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Our Oceans: Young Green Turtle Shows Why We Need to Stop Plastic Waste

Besides sea turtles, there have been reports of seabirds and whales accidentally swallowing plastic waste, according to the Kaiyukan.

Yumi Kamioka

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Kaiyukan shows off some of the plastic waste the young green sea turtle had eaten.

For over a month, plastic waste containing shopping bags and food packaging containers put the life of a green sea turtle at risk. While the turtle gradually excreted the foreign objects, it was unable to eat for a month. The incident put a spotlight once again on the seriousness of plastic waste in the ocean.

The green sea turtle was brought to the Kaiyukan Aquarium (Minato Ward, Osaka City) after it was rescued last November. It had strayed into a fixed net in Kochi Prefecture’s Tosashimizu City. 

RELATED: Sea Stories: A Green Sea Turtle’s Silent SOS

“Marine plastic waste is threatening the health of marine life,” an expert warns. The aquarium is considering putting the deadly discharged plastic waste on display. 

The plastic waste is seen in the body of the sea turtle at Kaiyukan Aquarium. The picture was taken in January 2021.

A Month of Not Feeding

Last year on November 30, the green sea turtle, rescued by Kaiyukan’s research center the Iburi Center in Tosashimizu City, Kochi Prefecture, arrived at the Kaiyukan Aquarium in Osaka. The young turtle had a body with a carapace length of 44 cm, with no external wounds and nothing unusual seen in its swimming abilities. However, even 2 weeks after arriving at the aquarium, the turtle showed absolutely no signs of feeding. 

In the beginning it was thought that the turtle was still unable to adapt to the environment because it sometimes swam away when it saw signs of people. But on December 19, something unusual was found. Plastic waste: plastic shopping bags, food packaging containers, and pieces of agricultural sheeting were found at the bottom of the water tank. They had apparently been stuck in the turtle’s digestive tract, before finally being excreted.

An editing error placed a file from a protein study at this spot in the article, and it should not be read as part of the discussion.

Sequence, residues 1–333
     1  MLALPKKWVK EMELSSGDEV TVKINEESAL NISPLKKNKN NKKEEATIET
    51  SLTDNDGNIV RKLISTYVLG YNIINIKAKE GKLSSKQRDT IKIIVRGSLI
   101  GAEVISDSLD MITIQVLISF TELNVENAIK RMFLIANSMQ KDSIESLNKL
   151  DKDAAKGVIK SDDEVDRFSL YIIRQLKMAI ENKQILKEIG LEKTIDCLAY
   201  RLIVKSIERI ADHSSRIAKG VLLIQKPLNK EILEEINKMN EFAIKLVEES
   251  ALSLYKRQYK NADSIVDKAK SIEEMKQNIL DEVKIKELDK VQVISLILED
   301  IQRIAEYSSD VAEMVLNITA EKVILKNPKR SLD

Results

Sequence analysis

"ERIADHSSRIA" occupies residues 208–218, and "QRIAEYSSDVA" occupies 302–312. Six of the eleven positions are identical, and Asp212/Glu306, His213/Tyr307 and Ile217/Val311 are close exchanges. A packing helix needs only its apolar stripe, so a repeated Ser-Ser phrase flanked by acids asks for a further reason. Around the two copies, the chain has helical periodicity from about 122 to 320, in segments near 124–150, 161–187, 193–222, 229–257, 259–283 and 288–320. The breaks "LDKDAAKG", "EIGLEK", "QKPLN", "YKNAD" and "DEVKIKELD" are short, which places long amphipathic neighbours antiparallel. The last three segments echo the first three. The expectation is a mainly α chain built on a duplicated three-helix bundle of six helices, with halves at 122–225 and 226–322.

The discharge of plastic waste continued on until the beginning of the New Year. And for a month, the sea turtle ate no food. 

Although after some time the turtle started eating in small amounts, the aquarium’s fish keeper, Itsuki Kiyatake (28) was still worried and consulted a veterinarian. In January 2021 an x-ray was conducted on the turtle, revealing a shadow in its intestine. The turtle was monitored while undergoing treatment such as injections to stimulate intestinal activity. The veterinarian was able to identify the shadow gradually growing smaller, and in May of this year the foreign object had finally disappeared. 

Showing relief, Mr. Kiyatake explained, “It must have been hard on the turtle because it was unable to defecate sea acorn shells and seaweed due to the foreign objects trapped in its digestive tract. Now it is feeding steadily. Luckily, the situation did not become more serious.” 

Mistaking Waste for Seaweed

The sea turtles depend on a diet of seaweed and jellyfish. Unfortunately, plastic bags that float on the ocean surface are easily mistaken for shredded seaweed or jellyfish, so sea turtles eat them, too. 

Accidently swallowed plastic waste remains in the digestive tract for an extended time. It may damage internal organs or lead to emaciation due to the sea turtle being unable to feed, and threatens serious damage to the health of sea turtles.